ST Helens and Knowsley NHS Trust has been rated as good following a recent inspection.
Inspectors from the health regulator the Care Quality Commission (CQC) rated St Helens and Knowsley Teaching Hospitals NHS Trust outstanding for providing services that are caring, and good for providing services that are safe, effective responsive and well led.
They rated St Helens Hospital as outstanding and Whiston Hospital as good, with Outpatient and Diagnostic Imaging Services at both hospitals rated as outstanding.
CQC’s Chief Inspector of Hospitals, Professor Sir Mike Richards, said: “When we inspected St Helens and Knowsley Teaching Hospitals NHS Trust, we found the care and treatment provided to patients was of an extremely high standard across almost all services, with the outpatients departments at both hospitals providing patients with an outstanding service.
“Our assessment of this trust indicates that it is one of the best performing trusts in the country. Members of the senior management team were visible and fully engaged with frontline staff, and the strength of leadership was evident throughout both hospitals sites.
“Staff engagement at this trust is very good and we saw that the trust had a clear vision and set of values that staff understood and worked towards. There was a positive culture throughout. All of the staff we met on this inspection spoke positively about ensuring that patients received a high quality service and experience.
“We have identified a number of areas that require improvement and in particular the maternity service, however, I am confident that St Helens and Knowsley Teaching Hospitals NHS Trust will build on this inspection to ensure that its standards continue to set an example that others can learn from.
“I congratulate the trust, but especially the staff, on this achievement.”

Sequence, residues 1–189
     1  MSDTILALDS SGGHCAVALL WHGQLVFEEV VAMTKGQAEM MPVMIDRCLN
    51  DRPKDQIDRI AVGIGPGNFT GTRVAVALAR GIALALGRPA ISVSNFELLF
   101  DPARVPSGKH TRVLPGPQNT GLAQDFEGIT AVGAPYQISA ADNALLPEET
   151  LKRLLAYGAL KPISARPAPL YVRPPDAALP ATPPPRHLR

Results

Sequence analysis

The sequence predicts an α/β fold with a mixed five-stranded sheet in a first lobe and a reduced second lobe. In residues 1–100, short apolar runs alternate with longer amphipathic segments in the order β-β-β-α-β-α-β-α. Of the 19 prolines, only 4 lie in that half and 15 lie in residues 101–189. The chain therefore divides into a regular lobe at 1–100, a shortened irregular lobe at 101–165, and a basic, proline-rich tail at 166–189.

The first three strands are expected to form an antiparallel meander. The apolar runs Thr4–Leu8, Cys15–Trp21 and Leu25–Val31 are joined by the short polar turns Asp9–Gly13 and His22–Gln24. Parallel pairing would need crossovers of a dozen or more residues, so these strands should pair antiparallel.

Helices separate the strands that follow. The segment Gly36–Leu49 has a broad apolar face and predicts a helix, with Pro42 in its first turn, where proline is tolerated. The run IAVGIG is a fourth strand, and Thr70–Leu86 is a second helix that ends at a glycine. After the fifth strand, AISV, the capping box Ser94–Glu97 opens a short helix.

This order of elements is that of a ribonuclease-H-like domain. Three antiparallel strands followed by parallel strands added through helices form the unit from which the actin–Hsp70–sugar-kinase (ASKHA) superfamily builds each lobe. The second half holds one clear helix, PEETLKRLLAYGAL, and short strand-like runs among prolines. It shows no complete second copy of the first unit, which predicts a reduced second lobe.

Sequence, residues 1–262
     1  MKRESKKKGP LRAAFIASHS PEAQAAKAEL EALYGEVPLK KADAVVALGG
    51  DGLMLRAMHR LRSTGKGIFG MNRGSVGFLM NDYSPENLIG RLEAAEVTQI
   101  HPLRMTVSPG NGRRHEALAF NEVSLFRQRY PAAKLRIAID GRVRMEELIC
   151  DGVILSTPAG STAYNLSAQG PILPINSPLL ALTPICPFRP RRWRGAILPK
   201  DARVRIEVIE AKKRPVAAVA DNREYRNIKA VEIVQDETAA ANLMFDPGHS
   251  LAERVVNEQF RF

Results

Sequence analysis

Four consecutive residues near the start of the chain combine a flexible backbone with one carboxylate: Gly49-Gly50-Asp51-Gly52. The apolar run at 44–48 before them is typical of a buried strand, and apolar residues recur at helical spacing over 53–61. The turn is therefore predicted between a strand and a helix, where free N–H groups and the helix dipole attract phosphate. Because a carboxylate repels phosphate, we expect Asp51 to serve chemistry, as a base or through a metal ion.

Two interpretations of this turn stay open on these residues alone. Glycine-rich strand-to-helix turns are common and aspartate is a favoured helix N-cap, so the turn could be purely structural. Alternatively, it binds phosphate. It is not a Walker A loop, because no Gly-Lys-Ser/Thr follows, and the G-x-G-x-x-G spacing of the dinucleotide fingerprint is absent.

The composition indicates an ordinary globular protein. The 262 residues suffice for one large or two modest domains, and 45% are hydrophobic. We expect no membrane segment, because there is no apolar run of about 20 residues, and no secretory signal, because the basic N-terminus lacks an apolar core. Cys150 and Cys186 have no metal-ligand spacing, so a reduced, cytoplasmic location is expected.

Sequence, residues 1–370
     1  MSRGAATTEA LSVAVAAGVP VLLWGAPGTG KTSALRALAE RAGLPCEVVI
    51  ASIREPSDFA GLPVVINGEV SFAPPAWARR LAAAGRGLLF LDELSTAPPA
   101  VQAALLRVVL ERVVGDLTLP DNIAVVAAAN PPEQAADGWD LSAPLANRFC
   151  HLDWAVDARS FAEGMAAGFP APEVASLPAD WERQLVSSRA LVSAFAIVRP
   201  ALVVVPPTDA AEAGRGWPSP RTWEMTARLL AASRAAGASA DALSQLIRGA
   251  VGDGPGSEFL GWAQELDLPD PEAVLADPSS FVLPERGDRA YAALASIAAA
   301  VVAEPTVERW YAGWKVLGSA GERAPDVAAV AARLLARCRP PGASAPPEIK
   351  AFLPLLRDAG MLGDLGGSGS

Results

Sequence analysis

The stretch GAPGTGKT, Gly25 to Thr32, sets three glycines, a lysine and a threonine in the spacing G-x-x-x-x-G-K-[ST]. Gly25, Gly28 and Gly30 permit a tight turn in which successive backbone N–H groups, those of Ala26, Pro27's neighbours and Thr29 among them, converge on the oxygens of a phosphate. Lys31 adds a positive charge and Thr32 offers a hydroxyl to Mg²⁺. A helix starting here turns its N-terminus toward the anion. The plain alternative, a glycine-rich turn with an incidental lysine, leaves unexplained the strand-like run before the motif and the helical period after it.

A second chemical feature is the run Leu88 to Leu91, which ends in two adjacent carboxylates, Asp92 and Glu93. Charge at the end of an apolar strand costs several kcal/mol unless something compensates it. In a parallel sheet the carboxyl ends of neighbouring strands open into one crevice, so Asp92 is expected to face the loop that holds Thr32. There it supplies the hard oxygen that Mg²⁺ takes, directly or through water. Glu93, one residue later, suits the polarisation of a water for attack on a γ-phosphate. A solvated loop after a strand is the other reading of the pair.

The CQC found that the trust had an established and stable senior leadership team that was visible and approachable.
Positive patient experience, and the quality and safety of services were the trusts key priorities. Staff across all departments were highly motivated and displayed a clear commitment to providing patients with high quality care and treatment.
Staff treated patients with dignity and respect, and inspectors were told by patients that staff went out of their way to help and support them.
Inspectors witnessed exemplary care being given on many wards. In addition, the trust sought feedback from patients and their relatives and used the feedback to continuously improve the care delivered.
The trust had a strong safety culture and the concept of providing safe, harm- free care was considered a priority for staff at all levels. Learning from incidents was widely shared across the trust and staff recognised the importance of reporting incidents to ensure patient safety. Wards were adequately staffed at the time of the inspection and staff worked flexibly to ensure any shortages were appropriately covered. Where locum doctors or agency staff were used, they received a thorough induction to ensure they were familiar with their working environment.
The trust operated a rolling programme of nurse recruitment that meant vacancies were filled in a timely way, however at times the maintenance of nurse staffing levels remained a challenge for managers on some wards.
Care was delivered according to best practice guidelines, and there was strong multidisciplinary team working throughout the trust that supported good patient outcomes.
Inspectors identified some concerns in maternity services with regards to the access and flow of patients from admission to the delivery suite, staffing and systems to learn from incidents and improve practice - which needed to be better developed.
Improvements were also required in the safe storage of medicines on some wards, and in ensuring the privacy and dignity of patients on the coronary care unit. The trust must also continue its efforts to improve waiting times for patients in accident and emergency services.